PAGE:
What Exercises to Avoid?
According to research, long-distance running or cycling exercises can ramp up cortisol levels.
Cortisol, aka stress hormone, can disrupt the production of testosterone in your body, so that's the reason why long-term endurance training is not recommended to men whose aim is to increase T-levels.
Regular endurance exercise, such as training for marathons or cycling, can put lots of stress on the whole body, including the endocrine system that is responsible for hormone production, and that's why T-levels are significantly lower in endurance athletes.
Although chronic endurance training is in some cases associated with decreased testosterone levels, some scientific data indicate that acute endurance exercises can actually stimulate steroid hormones, including testosterone.
Does Exercise Increase T-Levels in Men and Women Both?
According to science, several factors can influence low testosterone levels, and workouts are among those natural testosterone-boosting options for men and women equally.
Testosterone is most commonly associated with masculinity, even though both men and women produce it.
Testosterone is produced in testicles and regulates important functions in males, like sex drive, muscle strength, bone density, fat distribution, and red blood cell production. It can even affect mood and behavior.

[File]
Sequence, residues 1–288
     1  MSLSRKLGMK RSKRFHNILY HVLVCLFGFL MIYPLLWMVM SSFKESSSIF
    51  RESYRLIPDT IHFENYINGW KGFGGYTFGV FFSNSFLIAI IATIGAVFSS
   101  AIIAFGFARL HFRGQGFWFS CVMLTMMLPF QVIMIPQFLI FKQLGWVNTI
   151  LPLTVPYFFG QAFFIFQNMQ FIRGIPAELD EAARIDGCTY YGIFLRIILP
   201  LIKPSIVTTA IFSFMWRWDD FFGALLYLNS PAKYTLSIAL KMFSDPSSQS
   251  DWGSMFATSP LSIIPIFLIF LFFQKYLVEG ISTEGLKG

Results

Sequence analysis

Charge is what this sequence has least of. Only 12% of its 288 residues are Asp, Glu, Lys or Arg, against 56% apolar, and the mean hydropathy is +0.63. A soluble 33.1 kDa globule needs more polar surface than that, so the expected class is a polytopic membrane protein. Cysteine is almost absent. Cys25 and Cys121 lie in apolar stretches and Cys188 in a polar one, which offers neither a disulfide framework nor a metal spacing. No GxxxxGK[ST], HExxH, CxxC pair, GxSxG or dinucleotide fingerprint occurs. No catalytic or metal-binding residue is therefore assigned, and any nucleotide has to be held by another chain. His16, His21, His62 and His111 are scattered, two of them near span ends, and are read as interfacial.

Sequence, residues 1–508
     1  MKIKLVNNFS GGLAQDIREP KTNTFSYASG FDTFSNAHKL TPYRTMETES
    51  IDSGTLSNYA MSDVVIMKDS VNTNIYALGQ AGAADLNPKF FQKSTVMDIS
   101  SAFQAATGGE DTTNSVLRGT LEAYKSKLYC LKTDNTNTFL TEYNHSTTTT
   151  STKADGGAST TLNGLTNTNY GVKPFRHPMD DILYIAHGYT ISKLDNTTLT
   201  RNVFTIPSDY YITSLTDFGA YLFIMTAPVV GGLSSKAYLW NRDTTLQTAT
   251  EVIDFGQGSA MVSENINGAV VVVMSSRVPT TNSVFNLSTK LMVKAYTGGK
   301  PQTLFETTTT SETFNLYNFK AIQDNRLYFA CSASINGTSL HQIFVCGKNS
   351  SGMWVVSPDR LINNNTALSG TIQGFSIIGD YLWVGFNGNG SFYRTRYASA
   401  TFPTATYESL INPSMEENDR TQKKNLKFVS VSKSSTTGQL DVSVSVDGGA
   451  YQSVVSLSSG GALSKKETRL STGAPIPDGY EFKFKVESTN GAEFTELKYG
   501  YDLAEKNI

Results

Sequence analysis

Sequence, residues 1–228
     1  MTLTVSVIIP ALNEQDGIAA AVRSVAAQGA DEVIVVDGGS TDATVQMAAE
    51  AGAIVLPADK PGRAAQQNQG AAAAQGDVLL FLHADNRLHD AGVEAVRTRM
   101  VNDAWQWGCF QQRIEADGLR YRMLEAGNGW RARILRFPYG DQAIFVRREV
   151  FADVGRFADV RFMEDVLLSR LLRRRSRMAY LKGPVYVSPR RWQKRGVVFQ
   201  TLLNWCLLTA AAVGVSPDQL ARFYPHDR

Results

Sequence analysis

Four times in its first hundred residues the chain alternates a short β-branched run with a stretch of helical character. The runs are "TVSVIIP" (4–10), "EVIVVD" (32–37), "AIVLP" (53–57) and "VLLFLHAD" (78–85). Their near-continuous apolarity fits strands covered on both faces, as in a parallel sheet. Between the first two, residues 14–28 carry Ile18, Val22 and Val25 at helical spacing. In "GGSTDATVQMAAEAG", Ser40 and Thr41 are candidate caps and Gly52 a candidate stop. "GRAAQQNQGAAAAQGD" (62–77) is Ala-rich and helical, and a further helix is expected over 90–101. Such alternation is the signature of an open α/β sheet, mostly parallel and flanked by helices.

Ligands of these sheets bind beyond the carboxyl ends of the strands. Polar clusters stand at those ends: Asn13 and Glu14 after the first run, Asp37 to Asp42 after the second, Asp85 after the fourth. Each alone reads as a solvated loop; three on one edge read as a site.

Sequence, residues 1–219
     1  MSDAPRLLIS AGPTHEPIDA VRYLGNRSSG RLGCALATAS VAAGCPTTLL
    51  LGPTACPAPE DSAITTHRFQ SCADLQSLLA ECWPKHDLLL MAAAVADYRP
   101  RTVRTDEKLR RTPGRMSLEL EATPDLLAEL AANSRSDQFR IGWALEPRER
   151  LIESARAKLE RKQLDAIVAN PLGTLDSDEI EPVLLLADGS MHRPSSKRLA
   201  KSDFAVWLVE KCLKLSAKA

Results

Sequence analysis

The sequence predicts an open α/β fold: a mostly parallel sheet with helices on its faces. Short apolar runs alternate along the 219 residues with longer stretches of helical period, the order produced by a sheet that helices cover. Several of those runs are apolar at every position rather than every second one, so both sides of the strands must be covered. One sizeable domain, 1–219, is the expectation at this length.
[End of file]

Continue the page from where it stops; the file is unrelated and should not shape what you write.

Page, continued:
Puberty sends our hormone-producing glands into overdrive, resulting in a range of changes to the body. As we age, testosterone levels decline, which is followed by changes in muscle tissue.
Low levels of sex hormone can cause an array of issues, including depression, erectile dysfunction in men, hair loss, reduction in muscle mass, etc.
But it's not all about men. Women can also experience low testosterone. They can also get a range of benefits from testosterone, such as:
- Increase in strength and lean mass
- Bone density
- Better brain function
- Enhanced sense of well being
- Higher energy levels
Those are just some of the reasons why it's essential to increase testosterone in women, too.
Other Ways to Naturally Boost Testosterone
You may need a slight lifestyle modification to get those sex hormones running.
But, before you reach for a T-boosting supplement, here's what you can try:
- Adding more carbs to your meals - Some findings have confirmed that low-carb diets have been linked to low-T;
- Increasing magnesium and zinc intake;
- Using Vitamin supplements, such as Vitamin D and vitamin K supplement;
- Adding a splash of olive oil - Results of a small-scale study indicate that the oil may boost serum testosterone levels in healthy adult men;
- Sleep better - We all know that a good night's sleep reduces stress hormones that can disrupt the release of testosterone. Sleep also aids recovery and gets your muscles ready for the next day's workout.
Not all exercises are equally effective for boosting testosterone levels, but the right combination of exercises can send your T-levels soaring.
There is still a lot to be learned about the link between workouts and testosterone.
But one thing is clear: you need to make exercise a habit to make them work, but, of course, the results will depend on your body composition, genetics, diet, and lifestyle.
Have you tested any of these exercises? Which T-boosting workout will you try first?
Was this article helpful?
About The Author
You May Also Like